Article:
Some coalition members are concerned generally with the implementation phase. “I think it will be really challenging to ask the city, which is an enormous bureaucracy, to significantly change the way they do things,” said Simca Horwitz from Massachusetts Farm to School. “However, the point is to challenge the way that cities currently purchase.” It appears that the city stands behind the values of this ordinance, but the actual mechanics of implementation will be significantly more complex to tackle.
Some key lessons and best practices were shared by the experts we spoke with for this case study. These lessons include the following:
HFPP identifies and elevates local laws that seek to promote access to healthy food while also contributing to strong local economies, an improved environment, and health equity, with a focus on socially disadvantaged and marginalized groups. HFPP is a four-year collaboration of Vermont Law School’s Center for Agriculture and Food Systems, the Public Health Law Center, and the Rudd Center for Food Policy and Obesity at the University of Connecticut. This project is funded by the National Agricultural Library, Agricultural Research Service, U.S. Department of Agriculture.
1CITY OF BOSTON, MA, CODE ch. 4, § CBC 4-8 4 (Apr. 2019) https://www.universalhub.com/files/goodfood.pdf.
2 Center for Good Food Purchasing, https://goodfoodpurchasing.org/.
3 Center for Health Law and Policy Innovation, “Boston City Council Passes Good Food Purchasing Program,” Harvard Law School (April 2019), https://www.chlpi.org/boston-city-council-passes-good-food-purchasing-program/.
4 Laura Benavidez. Personal interview. March 6, 2020.
5 Jonathan Abrams, et. al, ”Increasing Local Food Procurement by Massachusetts State Colleges & Universities,” 26 Harvard Food Law and Policy Clinic, https://www.chlpi.org/wp-content/uploads/2013/12/Increasing-Local-Food-Procurement-by-Mass-State-Colleges-FINAL2.pdf.
6 Ma. G.L. Chapter 7 § 23(B).
7 Healthcare Without Harm, https://noharm-uscanada.org/issues/us-canada/healthy-food-pledge-signers.
8 Heal Food Alliance, https://healfoodalliance.org/summit/.
9 Colleen McKinney, “Chicago Food Policy Action Council secures Good Food Purchasing Program for City of Chicago,” Center for Good Food Purchasing (October 2017), https://goodfoodpurchasing.org/chicago-food-policy-action-council-secures-good-food-purchasing-program-for-city-of-chicago/.See See Resolution 18-1650: https://drive.google.com/file/d/17QqiYqDwpuQZ7R5s9RRfuIBROXMhkLK2/view?ts=5afaf02b.
10 Corporate Accountability, https://www.corporateaccountability.org/what-we-do/.
11 See Report of Committee Chair 1 (March 15, 2019), https://www.universalhub.com/files/goodfood.pdf: “The ordinance is meant to apply to departments or agencies responsible for procurement or service contracting of foods, which currently applies primarily to the Boston Public Schools, with its $18 million food budget.”
12 Massachusetts has state dependent public school systems and Boston Public Schools are considered a department of municipal government. See Doug Geverdt, 2012 Census of Governments, State Descriptions: School District Governments and Public School Systems 41 (February 2018), https://nces.ed.gov/programs/edge/data/School_District_Descriptions_from_Census_of_Governments.pdf.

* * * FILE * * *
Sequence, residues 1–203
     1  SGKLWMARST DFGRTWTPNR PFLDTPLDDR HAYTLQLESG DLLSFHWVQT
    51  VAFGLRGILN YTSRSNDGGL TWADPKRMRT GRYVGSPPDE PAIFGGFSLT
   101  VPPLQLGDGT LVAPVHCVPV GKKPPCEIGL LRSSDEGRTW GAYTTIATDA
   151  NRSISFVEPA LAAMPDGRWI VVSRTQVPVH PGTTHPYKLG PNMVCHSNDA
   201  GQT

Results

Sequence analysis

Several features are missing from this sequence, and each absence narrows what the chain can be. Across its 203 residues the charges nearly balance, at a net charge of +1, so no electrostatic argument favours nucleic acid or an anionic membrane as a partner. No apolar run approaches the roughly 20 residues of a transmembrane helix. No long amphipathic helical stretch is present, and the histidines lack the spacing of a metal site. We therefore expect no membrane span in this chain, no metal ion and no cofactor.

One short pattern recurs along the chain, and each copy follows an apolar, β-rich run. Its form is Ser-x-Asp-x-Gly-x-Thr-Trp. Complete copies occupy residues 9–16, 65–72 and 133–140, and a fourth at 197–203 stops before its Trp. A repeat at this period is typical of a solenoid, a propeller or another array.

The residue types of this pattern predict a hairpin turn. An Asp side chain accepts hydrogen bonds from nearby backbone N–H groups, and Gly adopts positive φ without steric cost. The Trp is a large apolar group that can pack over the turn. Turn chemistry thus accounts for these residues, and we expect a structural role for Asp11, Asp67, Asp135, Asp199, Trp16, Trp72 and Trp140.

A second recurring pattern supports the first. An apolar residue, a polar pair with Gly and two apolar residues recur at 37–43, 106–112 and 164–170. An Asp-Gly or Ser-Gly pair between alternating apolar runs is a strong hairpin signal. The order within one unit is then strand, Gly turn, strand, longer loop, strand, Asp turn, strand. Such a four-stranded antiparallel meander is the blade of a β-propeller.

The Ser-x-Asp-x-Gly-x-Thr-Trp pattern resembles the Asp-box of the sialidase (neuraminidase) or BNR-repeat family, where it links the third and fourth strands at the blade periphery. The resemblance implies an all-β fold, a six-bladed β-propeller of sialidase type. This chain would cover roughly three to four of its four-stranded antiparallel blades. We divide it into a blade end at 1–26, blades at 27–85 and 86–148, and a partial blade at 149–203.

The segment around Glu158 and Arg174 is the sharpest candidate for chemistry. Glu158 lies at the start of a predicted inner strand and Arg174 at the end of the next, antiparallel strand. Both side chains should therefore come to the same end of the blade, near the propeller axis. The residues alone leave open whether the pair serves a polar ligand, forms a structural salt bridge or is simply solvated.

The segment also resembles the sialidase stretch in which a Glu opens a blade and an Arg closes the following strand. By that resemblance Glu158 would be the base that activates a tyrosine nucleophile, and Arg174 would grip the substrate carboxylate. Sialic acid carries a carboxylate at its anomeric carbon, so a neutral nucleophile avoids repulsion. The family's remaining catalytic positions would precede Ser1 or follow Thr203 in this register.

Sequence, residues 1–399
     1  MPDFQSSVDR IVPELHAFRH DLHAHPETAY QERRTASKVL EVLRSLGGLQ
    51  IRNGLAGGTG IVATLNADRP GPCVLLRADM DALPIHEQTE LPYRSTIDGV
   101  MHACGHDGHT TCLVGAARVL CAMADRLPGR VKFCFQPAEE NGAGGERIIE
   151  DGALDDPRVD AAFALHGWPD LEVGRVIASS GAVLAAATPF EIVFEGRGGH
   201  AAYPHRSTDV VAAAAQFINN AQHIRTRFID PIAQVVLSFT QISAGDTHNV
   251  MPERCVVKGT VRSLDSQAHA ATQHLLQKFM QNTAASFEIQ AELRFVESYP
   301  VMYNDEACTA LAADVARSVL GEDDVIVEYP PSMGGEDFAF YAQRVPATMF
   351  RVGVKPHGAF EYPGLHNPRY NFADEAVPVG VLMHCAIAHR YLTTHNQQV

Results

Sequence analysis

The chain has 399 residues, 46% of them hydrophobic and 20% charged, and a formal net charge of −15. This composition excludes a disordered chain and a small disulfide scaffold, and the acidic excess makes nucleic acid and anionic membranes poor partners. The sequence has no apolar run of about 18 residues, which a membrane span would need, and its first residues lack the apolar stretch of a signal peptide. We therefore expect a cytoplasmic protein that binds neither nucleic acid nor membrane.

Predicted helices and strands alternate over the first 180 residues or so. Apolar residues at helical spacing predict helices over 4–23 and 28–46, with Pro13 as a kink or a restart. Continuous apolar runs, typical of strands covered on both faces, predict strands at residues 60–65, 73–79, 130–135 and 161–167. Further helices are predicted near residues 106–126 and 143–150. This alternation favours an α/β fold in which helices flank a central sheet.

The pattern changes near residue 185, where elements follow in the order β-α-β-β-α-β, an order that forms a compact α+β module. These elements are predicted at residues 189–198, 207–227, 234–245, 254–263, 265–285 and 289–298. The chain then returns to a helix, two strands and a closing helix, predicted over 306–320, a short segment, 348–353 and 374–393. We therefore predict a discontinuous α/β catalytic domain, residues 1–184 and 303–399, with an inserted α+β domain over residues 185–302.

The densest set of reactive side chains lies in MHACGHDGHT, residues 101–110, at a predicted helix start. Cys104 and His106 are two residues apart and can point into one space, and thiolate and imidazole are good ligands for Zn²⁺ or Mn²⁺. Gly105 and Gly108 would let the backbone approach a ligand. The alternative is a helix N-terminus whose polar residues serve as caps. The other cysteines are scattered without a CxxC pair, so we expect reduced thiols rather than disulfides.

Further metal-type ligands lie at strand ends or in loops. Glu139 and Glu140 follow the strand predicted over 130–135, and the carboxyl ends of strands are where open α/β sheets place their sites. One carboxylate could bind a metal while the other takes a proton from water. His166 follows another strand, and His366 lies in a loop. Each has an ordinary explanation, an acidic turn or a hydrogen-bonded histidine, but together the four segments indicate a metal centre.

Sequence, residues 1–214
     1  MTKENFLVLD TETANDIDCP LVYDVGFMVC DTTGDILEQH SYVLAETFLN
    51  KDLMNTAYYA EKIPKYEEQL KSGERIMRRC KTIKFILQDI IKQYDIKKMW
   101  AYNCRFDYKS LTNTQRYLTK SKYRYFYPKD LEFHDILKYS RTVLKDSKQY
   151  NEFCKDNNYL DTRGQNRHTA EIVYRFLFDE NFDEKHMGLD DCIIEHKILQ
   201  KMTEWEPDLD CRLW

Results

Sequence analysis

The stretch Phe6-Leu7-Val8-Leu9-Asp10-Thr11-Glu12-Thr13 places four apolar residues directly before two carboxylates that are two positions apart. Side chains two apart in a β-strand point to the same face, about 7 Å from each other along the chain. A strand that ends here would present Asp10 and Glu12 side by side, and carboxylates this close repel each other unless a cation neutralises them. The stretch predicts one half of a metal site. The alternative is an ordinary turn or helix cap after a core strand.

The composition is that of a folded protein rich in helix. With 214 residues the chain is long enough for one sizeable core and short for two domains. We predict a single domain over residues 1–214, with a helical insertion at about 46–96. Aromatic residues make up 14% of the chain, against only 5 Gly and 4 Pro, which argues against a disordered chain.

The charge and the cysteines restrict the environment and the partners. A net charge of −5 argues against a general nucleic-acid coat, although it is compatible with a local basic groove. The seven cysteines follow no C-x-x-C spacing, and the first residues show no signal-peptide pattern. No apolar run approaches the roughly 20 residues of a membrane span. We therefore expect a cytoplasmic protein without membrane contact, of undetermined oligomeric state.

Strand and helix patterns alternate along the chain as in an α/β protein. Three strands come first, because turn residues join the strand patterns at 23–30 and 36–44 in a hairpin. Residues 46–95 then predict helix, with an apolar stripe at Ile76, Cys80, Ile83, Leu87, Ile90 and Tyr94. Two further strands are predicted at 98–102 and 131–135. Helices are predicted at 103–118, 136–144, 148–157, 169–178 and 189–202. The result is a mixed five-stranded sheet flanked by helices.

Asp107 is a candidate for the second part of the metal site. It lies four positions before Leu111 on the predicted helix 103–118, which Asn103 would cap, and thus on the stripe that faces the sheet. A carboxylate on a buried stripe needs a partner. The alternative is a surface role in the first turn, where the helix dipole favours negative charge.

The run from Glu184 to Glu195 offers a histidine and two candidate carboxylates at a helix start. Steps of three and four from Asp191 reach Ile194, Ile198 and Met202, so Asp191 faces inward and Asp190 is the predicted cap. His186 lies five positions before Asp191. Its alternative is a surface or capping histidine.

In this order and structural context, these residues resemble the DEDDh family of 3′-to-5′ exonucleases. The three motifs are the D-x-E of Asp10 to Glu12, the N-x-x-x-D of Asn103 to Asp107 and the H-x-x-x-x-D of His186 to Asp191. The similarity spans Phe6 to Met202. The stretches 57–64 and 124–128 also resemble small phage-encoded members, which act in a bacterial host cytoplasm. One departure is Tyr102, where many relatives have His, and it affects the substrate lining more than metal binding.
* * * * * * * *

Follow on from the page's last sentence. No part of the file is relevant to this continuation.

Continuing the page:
See also Massachusetts Department of Elementary and Secondary Education, Public School Districts, http://profiles.doe.mass.edu/profiles/general.aspx?topNavId=1&orgcode=00350000&orgtypecode=5&leftNavId=102&.
13 Barry Keppard, et.al, “State of Equity for Metro Boston: Policy Agenda Update,” City of Boston (February 2018), https://equityagenda.mapc.org/uploads/9.10%20SOEREPORT_FINAL.pdf.
14 CITY OF BOSTON, MA, CODE ch. 4, § CBC 4-8 5 (Apr. 2019), https://www.universalhub.com/files/goodfood.pdf.
15 Ana Patricia Muñoz, Marlene Kim, Mariko Chang, Regine O. Jackson, Darrick Hamilton, & William A. Darity, Jr., The Color of Wealth in Boston, Federal Reserve of Boston (March 2015).
16 CITY OF BOSTON, MA, CODE ch. 4, § CBC 4-8 5 (Apr. 2019),https://www.universalhub.com/files/goodfood.pdf.
17 CITY OF BOSTON, MA, CODE ch. 4, § CBC 4-8 5 (Apr. 2019),https://www.universalhub.com/files/goodfood.pdf.
18 CITY OF BOSTON, MA, CODE ch. 4, § CBC 4-8 6 (Apr. 2019),https://www.universalhub.com/files/goodfood.pdf.
19 CITY OF BOSTON, MA, CODE ch. 4, § CBC 4-8 6 (Apr. 2019),https://www.universalhub.com/files/goodfood.pdf.
20 CITY OF BOSTON, MA, CODE ch. 4, § CBC 4-8 6 (Apr. 2019),https://www.universalhub.com/files/goodfood.pdf.
21 CITY OF BOSTON, MA, CODE ch. 4, § CBC 4-8 6 (Apr. 2019),https://www.universalhub.com/files/goodfood.pdf.
22 CITY OF BOSTON, MA, CODE ch. 4, § CBC 4-8 6 (Apr. 2019),https://www.universalhub.com/files/goodfood.pdf.
23 CITY OF BOSTON, MA, CODE ch. 4, § CBC 4-8 6 (Apr. 2019),https://www.universalhub.com/files/goodfood.pdf.
24 CITY OF BOSTON, MA, CODE ch. 4, § CBC 4-8 6 (Apr. 2019),https://www.universalhub.com/files/goodfood.pdf.
25 CITY OF BOSTON, MA, CODE ch. 4, § CBC 4-8 7 (Apr. 2019),https://www.universalhub.com/files/goodfood.pdf.
26 “Tracking the Ripple Effects of LA’s Good Food Purchasing Program,” Policy Link (January 7, 2016), https://www.policylink.org/equity-in-action/la-good-food-purchasing-program.
27 State of Equity for Metro Boston Policy Agenda, https://equityagenda.mapc.org/.
28 CITY OF BOSTON, MA, CODE ch. 4, § 4-4 (October 2017), https://codelibrary.amlegal.com/codes/boston/latest/boston_ma/0-0-0-417.